ENVIRONMENT by Peter WestmoreNews Weekly
More pseudo science from climate
, September 24, 2016
One of the central claims of the United Nations’ Intergovernmental Panel on Climate Change (IPCC) is that inexorable global warming, now described as “climate change”, will lead to more droughts and floods, crop failures and starvation, and rising sea levels which will make the world virtually uninhabitable by 2100.
The fact that none of these events has come to pass over the past two centuries of the world’s industrialisation is ignored by the IPCC’s scientists, who have decided that the future will be radically more dangerous than the past.
The predictions of food shortages and widespread starvation – a failed prediction by Thomas Malthus from around 1800 – were revived in the 1960s by American etymologist Paul Ehrlich, and popularised by the Club of Rome, a self-styled global think tank that preceded the IPCC.
The IPCC has taken up the claims, and given them a global reach. However, despite claims that 2016 is the “hottest year in history”, the quantity of food being produced continues to rise.
The Financial Times recently reported: “Extensive planting and benign weather have forced analysts to repeatedly raise crop outlooks.
“The International Grains Council last week increased its global wheat production forecast to a record
743 million tonnes, up 1 per cent from last year …
“The recent U.S. winter wheat harvest was 45 million tonnes, up 21 per cent from 2015, according to the U.S. Department of Agriculture. Merchants who have run out of room in silos are piling wheat outdoors.
“Storage concerns are also growing in Russia, which is this year set to become the largest wheat exporter after hauling in more than 70 million tonnes.
“In Canada, the government anticipates the second-largest wheat crop in 25 years, of 30.5 million tonnes. Australia’s imminent wheat harvest is forecast at 26.5 million tonnes, the most in five years.”
Rising sea levels
According to the IPCC, sea levels are rising at an alarming rate, and by 2100 will have risen by up to a metre around the world, with even faster rises subsequently.
An IPCC working group report from 2013, signed by Professor Jonathan Gregory, concluded that average sea levels could be predicted to rise by at least half a metre “with medium confidence”.
Photo of Larsen B Iceshelf,
Antarctica (high confidence).
It added: “The collapse of marine-based sectors of the Antarctic Ice Sheet, if initiated, would add no more than several 10ths of a metre during the 21st century (medium confidence).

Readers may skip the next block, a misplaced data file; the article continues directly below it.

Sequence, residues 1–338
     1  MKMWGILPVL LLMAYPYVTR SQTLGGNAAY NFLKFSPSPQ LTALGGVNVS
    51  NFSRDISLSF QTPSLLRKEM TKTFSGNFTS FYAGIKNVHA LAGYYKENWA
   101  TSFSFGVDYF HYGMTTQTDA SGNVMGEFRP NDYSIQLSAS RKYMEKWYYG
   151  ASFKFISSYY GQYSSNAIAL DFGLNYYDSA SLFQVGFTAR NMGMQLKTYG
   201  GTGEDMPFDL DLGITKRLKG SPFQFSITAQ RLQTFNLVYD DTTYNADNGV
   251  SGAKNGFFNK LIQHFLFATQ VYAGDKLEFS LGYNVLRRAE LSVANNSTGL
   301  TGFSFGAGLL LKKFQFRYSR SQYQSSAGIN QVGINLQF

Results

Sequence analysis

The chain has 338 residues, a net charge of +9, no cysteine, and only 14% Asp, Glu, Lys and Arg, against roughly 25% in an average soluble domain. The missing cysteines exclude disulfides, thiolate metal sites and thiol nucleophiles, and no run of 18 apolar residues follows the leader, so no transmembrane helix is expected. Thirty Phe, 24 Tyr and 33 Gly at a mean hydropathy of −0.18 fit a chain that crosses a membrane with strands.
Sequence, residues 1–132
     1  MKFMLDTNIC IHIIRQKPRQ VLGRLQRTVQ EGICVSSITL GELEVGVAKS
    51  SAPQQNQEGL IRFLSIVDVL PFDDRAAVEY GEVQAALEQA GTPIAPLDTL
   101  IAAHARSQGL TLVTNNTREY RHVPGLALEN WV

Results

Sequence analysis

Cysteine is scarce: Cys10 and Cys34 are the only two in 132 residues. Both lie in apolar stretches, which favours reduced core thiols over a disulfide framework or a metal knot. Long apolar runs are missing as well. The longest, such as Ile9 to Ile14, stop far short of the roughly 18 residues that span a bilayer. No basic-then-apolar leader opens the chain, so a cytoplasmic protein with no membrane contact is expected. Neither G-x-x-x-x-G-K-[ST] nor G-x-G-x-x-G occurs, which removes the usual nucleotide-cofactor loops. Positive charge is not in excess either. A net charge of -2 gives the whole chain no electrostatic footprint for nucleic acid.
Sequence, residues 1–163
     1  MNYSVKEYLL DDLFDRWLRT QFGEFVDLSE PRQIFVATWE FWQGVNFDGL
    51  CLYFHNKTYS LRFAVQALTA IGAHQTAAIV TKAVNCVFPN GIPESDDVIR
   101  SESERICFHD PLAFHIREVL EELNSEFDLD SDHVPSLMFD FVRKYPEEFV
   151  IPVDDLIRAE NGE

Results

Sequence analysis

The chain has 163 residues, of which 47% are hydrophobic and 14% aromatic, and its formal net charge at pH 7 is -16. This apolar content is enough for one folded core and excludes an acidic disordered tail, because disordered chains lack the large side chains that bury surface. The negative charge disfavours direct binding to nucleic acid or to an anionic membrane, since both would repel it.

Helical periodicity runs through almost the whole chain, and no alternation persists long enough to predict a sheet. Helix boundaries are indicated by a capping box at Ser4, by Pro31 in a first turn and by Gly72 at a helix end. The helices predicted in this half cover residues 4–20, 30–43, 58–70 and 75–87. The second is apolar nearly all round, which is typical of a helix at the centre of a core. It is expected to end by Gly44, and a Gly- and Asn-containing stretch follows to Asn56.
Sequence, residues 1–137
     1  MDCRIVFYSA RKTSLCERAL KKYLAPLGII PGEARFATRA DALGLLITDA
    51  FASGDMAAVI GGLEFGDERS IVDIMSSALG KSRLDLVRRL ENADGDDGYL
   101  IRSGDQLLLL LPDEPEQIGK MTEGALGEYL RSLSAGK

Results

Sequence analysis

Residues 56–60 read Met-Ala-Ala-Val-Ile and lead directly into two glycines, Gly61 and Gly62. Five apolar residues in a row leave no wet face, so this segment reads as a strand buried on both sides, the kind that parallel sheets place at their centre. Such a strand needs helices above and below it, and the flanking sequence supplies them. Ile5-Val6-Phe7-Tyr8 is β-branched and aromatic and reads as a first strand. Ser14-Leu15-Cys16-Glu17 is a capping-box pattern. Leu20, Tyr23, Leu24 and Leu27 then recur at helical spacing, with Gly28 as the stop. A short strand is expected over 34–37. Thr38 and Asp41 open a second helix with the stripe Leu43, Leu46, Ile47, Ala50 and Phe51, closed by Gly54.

“It is very likely that sea-level will rise in more than about 95 per cent of the ocean area.
“It is very likely that there will be a significant increase in the occurrence of future sea-level extremes. It is virtually certain that global mean sea-level rise will continue for many centuries beyond 2100, with the amount of rise dependent on future emissions.”
Not to be outdone, Professor Stefan Rahmsdorf, a German oceanographer and climatologist who in 2007 predicted that sea levels would rise by up to 1.4 metres by 2100, more recently upgraded the rise to 1.8 metres in his latest paper.
Unfortunately for Rahmsdorf, Gregory and their cohort, the measured sea-level rises around the world are relatively small, and nothing to worry about.
Tom Moriarty, senior scientist at the United States Department of Energy’s National Renewable Energy Laboratory, has put together the actual measured sea-level rises from stations around the world, and published the conclusions on his blog, Climate Sanity.
He said: “You can see all kinds of sea-level rise predictions for the 21st century, with over-wrought images of houses and buildings under water. One of the favourite predictions of the hand wringers is ‘1.8 metres’ of sea-level rise for the 21st century.”
He then pointed out that:
• Seventy-five per cent of atmospheric anthropogenic carbon dioxide arrived after 1950.
• There has been no obvious acceleration in sea-level rise rates since 1950 as seen from tide gauges.
• Extrapolating tide gauge time series to 2100 would give about 15 centimetres of sea-level rise between 200o and 2100.
He said projections of one, 1.8 or two metres of sea-level rise between 2000 and 2100 would require “extraordinary rate-rise accelerations”.
There has been no significant change in the three factors that might contribute to rising sea levels.
Although there has been a slight heating of the top layer of the seawater, almost all the seawater is located in the deep ocean, at temperatures just above freezing point.
Because mixing of the deep ocean is a very slow process, there is no possibility of sudden large changes to the ocean water temperature.
Contrary to claims by climate alarmists, satellite measurements show that there has been no significant increase in the area of sea ice around the world, despite the enormous season changes that take place in both hemispheres.
Finally, there has been an increase in the amount of ice on the Antarctic continent, more than compensating for any reduction in Greenland.